Takayasu – He’s going to clear kadoban, it’s fairly certain, but he’s only about 85% of his pre-injury self. So my prescription for him is to get cozy with his water bag, battle Kisenosato daily post-basho, and to sleep against his favorite, most comfortable teppo pole until new-years. I am sure your deshi will bring you KFC at Christmas (If not, let me know and I will fly over and get it for you), so revert to your gym-rat ways and go crazy again.

Mitakeumi – That toe is clearly giving him fits, and he may go kyujo once he gets his 8. Not really too much awesome from him this time, we just need him to heal up and come back at Hatsu like the future Ozeki he is.

Yoshikaze – Hot or cold with the Berserker. Thus far more cold than hot, and we have to hope he can cobble together his 8 before next Sunday.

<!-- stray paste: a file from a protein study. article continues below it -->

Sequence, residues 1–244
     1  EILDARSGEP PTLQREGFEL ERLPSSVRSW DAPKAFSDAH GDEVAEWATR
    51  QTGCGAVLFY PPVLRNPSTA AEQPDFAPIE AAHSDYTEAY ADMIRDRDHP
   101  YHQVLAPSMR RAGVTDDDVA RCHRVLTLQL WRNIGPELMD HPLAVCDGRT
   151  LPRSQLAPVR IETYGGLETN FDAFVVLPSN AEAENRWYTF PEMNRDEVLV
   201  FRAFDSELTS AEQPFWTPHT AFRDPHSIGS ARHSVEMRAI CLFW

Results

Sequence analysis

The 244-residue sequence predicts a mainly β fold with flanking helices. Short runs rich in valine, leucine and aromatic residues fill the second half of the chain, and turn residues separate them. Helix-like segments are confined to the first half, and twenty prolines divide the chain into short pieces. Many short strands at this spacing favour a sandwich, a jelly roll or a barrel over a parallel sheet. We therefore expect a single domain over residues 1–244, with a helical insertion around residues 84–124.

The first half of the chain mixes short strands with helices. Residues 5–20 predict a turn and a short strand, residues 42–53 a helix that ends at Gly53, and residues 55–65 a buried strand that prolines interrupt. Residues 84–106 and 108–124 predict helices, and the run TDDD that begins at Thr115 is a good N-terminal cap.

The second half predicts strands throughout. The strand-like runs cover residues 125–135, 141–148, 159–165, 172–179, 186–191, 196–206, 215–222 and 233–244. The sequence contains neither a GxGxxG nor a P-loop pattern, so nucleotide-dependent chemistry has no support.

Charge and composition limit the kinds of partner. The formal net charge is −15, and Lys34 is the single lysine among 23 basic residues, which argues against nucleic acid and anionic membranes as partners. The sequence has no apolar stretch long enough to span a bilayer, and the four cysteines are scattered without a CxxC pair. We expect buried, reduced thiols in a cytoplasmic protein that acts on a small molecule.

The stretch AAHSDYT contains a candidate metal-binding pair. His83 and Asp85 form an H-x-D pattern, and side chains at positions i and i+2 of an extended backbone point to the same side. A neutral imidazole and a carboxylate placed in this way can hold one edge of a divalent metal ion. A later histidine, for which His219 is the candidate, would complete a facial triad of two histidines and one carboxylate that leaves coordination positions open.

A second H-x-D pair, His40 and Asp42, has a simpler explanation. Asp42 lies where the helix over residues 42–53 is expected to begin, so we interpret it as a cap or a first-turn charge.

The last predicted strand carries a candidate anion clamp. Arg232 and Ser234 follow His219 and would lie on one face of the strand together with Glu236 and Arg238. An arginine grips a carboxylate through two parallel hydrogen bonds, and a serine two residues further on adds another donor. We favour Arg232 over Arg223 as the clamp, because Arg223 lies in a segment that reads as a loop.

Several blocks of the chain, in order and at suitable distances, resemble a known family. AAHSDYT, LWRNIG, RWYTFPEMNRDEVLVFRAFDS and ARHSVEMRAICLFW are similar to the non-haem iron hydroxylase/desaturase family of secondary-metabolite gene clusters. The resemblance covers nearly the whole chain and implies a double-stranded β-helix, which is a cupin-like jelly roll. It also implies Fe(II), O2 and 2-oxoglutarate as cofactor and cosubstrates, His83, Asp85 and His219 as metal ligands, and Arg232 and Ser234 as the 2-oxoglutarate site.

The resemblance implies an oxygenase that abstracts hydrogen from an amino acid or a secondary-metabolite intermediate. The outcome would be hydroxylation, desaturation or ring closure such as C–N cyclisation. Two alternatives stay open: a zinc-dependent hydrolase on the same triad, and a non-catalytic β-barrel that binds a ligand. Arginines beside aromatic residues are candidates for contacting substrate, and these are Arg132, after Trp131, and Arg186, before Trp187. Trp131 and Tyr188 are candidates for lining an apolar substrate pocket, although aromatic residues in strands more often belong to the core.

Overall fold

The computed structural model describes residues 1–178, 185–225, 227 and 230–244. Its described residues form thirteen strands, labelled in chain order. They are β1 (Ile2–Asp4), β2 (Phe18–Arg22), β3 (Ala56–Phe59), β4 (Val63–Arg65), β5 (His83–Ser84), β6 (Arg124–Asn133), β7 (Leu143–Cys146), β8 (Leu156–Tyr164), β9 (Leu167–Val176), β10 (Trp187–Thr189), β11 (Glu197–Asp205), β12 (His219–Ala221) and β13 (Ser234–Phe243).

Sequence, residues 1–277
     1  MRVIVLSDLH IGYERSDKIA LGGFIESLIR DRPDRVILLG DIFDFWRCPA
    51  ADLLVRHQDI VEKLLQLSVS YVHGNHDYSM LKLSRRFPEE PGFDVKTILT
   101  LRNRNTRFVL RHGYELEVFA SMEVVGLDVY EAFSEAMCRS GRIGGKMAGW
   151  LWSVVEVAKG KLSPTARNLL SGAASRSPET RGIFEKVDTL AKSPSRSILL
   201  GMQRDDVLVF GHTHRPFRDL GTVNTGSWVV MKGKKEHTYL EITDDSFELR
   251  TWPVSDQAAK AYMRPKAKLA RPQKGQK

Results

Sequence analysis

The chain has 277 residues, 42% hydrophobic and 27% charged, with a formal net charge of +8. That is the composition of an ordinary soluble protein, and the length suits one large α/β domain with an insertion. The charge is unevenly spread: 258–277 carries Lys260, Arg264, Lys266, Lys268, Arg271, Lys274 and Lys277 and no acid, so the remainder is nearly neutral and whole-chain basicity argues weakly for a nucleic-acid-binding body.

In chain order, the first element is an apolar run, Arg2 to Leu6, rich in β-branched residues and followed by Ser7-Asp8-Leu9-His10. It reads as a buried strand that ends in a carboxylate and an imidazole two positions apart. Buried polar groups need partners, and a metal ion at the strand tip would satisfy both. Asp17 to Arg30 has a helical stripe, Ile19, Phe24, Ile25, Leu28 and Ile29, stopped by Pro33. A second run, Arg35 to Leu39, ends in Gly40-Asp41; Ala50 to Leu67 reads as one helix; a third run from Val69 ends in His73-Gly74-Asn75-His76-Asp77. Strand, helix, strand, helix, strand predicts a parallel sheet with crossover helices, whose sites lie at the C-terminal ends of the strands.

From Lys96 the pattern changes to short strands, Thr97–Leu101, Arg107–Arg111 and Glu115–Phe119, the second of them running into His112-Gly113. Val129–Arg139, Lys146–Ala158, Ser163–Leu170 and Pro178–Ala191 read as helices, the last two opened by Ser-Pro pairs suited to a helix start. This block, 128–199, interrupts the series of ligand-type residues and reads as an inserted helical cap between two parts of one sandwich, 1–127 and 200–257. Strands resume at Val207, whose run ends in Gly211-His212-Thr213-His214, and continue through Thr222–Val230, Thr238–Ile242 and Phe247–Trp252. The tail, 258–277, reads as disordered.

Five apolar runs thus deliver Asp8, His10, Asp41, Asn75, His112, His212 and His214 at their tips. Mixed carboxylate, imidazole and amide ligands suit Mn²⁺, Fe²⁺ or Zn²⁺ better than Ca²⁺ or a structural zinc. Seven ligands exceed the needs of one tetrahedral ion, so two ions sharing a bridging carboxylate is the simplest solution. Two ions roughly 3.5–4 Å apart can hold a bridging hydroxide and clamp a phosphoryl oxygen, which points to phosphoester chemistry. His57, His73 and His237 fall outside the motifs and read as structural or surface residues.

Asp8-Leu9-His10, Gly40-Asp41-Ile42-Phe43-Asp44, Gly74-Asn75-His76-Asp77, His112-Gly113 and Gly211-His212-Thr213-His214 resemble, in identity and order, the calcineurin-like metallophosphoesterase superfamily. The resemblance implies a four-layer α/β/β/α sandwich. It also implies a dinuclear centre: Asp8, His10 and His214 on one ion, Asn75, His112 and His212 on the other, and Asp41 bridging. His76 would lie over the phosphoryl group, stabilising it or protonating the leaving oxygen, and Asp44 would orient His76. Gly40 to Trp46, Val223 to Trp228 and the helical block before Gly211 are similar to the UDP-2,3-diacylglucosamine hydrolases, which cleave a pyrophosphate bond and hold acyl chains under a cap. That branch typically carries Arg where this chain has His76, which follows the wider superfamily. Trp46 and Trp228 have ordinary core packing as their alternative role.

Kotoshogiku – Komusubi is a tough rank, you get to give a lot of wins to the upper San’yaku, and Kotoshogiku is living that now. He stays in good cheer, and gives it his all each day, but his all is now painful and stiff, and possibly covered with ben-gay.

Onosho – Hey, don’t sweat this basho, kid. Komusubi is ancient Yayoi for “punching bag with legs”, it’s part of the welcome to being a serious sumotori, so have some fun with it. Consider using the Ishiura defense as chicks dig the loose mawashi, and play up the fact you look like a hippy-hop ball, possibly by commissioning your own line of plush figures. Also, try to get your weight centered over your feet, everyone knows you lean in hard, and they are now dialed into the fact you are not a weeble (as in, you do fall down).